Business & Economy
Morthland Proposes Sales Tax Exemptions for IL Farmers PDF Print E-mail
News Releases - Business & Economy
Written by Rich Morthland   
Monday, 03 October 2011 14:28

Moline, IL...State Representative Rich Morthland (R-Cordova) has filed legislation offering sales tax exemptions for Illinois farmers. House Bill 3817 exempts the sales tax imposed on fence posts, fencing, and farm gates. House Bill 3818 exempts the sale tax imposed on baling twine, baling wire, plastic bags, plastic sleeves, and plastic sheeting

Representative Morthland, a seventh generation Illinois farmer, explained that farmers cross the Mississippi River to Iowa to make agricultural supply purchases because Iowa has a more favorable tax structure.

"Every time a farmer crosses the river to buy agricultural products, the State of Illinois loses employment potential and revenue opportunities on all of the purchases made that currently do not qualify for the sales tax exemption," Morthland said.

Morthland's legislation requires that the purchaser certifies the items will be used for farm production.

"Sales taxes on agricultural production goods act like a cumulative value added tax which, incidentally, Illinois rejected under Rod Blagojevich," Morthland said. "Some people will look at this like, 'it's just fence materials and twine,' but to the Illinois farmer who buys in bulk, these taxes can be burdensome."


Baucus, Grassley Uncover Gaming of the Medicare System by For-PROFIT Home Health Companies PDF Print E-mail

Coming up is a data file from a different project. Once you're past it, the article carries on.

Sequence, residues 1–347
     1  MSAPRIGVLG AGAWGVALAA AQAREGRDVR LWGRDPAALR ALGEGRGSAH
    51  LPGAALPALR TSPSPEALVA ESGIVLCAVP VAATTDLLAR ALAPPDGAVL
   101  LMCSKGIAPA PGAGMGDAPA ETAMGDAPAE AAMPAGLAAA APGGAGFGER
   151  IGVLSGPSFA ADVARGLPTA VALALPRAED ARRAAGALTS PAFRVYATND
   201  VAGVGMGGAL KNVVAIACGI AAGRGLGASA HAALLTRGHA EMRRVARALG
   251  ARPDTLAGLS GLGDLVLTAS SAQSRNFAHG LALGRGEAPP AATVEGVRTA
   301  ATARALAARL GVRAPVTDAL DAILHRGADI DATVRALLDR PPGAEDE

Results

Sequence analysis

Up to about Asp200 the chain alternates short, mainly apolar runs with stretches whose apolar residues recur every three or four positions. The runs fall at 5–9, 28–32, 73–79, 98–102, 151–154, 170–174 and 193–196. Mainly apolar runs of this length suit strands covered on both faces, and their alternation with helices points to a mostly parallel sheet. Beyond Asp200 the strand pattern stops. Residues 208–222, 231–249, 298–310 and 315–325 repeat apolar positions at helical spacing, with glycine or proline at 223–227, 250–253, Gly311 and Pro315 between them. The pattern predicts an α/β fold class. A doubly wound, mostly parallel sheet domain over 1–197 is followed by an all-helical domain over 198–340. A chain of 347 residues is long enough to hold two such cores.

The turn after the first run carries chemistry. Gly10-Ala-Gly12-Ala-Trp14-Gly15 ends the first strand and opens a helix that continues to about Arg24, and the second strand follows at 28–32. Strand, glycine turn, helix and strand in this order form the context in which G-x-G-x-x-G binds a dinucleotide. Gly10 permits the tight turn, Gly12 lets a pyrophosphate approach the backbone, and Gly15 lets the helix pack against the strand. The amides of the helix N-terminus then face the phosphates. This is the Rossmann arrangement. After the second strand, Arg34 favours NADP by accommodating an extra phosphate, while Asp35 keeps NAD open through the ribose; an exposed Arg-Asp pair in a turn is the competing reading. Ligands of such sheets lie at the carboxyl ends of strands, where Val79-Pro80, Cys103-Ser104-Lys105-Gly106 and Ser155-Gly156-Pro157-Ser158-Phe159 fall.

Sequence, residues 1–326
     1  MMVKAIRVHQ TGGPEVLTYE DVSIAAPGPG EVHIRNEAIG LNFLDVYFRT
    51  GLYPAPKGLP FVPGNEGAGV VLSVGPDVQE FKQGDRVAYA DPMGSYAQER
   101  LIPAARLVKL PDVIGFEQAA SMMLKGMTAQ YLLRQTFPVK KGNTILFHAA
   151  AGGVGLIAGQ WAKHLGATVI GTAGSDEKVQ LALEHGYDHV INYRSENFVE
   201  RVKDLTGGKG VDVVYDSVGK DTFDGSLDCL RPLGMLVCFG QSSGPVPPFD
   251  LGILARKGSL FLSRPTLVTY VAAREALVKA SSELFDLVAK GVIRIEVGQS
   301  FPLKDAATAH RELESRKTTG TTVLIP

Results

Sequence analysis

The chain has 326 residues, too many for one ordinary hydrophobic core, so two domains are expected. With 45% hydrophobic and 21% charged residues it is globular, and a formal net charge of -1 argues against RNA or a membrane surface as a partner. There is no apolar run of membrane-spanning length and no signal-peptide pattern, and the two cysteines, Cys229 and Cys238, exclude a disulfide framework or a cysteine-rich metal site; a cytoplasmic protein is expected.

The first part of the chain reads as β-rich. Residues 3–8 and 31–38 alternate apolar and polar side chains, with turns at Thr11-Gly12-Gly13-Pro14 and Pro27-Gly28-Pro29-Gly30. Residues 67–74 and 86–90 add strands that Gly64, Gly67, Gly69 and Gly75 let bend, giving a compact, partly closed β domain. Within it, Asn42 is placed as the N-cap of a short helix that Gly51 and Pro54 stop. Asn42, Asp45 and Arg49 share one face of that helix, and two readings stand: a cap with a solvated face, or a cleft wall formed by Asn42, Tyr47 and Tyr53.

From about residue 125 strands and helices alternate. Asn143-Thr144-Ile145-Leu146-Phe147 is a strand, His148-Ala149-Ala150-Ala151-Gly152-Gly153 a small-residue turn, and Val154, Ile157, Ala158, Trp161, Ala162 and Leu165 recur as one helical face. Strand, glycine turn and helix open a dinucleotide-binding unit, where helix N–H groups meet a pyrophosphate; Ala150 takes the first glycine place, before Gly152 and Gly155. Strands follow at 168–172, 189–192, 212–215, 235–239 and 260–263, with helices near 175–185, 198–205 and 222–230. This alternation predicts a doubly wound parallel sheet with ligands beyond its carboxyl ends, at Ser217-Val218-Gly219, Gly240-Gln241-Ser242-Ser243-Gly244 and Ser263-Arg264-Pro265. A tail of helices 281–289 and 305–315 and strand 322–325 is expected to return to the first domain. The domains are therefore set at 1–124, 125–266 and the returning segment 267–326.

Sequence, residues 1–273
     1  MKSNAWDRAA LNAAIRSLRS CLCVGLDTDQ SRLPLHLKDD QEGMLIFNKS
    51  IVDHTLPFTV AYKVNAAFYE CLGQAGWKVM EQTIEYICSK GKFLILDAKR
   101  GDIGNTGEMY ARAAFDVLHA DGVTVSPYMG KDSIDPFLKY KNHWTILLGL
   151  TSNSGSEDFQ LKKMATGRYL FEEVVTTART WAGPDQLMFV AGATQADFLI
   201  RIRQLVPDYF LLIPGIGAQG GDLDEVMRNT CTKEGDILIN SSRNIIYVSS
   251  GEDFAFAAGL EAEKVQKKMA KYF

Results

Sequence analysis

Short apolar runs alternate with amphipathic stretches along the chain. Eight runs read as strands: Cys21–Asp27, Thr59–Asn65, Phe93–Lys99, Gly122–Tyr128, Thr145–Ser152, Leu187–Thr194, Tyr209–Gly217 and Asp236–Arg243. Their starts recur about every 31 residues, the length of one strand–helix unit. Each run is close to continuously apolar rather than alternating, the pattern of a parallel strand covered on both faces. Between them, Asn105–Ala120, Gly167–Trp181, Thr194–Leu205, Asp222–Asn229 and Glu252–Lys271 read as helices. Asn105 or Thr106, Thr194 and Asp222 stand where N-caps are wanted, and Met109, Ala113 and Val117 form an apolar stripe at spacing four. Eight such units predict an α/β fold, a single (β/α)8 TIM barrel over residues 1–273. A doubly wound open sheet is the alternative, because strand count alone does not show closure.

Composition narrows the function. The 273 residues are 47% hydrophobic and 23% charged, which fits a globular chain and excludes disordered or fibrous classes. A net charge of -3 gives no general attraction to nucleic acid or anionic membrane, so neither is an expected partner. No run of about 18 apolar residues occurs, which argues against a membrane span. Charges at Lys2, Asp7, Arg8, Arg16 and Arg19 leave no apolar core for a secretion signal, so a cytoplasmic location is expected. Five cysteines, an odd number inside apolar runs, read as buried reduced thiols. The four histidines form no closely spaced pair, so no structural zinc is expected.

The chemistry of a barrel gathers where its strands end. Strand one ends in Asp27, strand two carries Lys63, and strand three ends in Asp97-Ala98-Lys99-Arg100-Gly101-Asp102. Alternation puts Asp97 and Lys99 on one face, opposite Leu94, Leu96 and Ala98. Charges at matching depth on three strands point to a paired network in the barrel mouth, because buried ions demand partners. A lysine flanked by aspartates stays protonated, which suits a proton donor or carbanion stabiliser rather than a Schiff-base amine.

News Releases - Business & Economy
Written by Grassley Press   
Monday, 03 October 2011 14:11
Finance Senators Release Report Showing Companies Intentionally Increased Frequency of Home Health Visits to Manipulate Reimbursement Rates

Washington, DC – Senate Finance Committee Chairman Max Baucus (D-Mont.) and senior Finance Committee Member Chuck Grassley (R-Iowa) today released a Finance Committee staff report showing tactics used by major for-profit home health companies to game Medicare.  The result has been waste of taxpayer dollars and the delivery of what could be medically-unnecessary patient care to increase the companies’ profits.  Baucus and Grassley initiated the investigation into the improper practices as part of the Committee’s oversight role of the Medicare and Medicaid programs and the Senators’ ongoing commitment to protect patients and taxpayer dollars from waste, fraud and abuse.

“The gaming of Medicare represents serious abuse of the home health program,” said Baucus.  “Elderly patients in the Medicare system should not be used as pawns to increase a company’s profits. Especially in these tough economic times, taxpayers simply cannot afford for their dollars to be wasted on unnecessary care.  We are going to continue to crack down on these companies to ensure taxpayer dollars are used efficiently and Medicare patients are protected.”

“The reimbursement policy encourages gaming, and gaming is what’s occurred.   Companies are doing everything they can to make as much money as possible, whether the patients need the care or not.  The federal government needs to fix the policy that lets Medicare money flow down the drain.  This can’t wait until tomorrow.  It should have been done yesterday.  The longer this kind of policy continues, the more Medicare’s budget balloons, and the bigger the burden on taxpayers,” Grassley said.

In May 2010, Baucus and Grassley began their investigation into home health therapy practices at Amedisys, LHC Group, Gentiva, and Almost Family in response to a media report that these home health companies took advantage of the Medicare therapy payment system by providing medically-unnecessary patient care.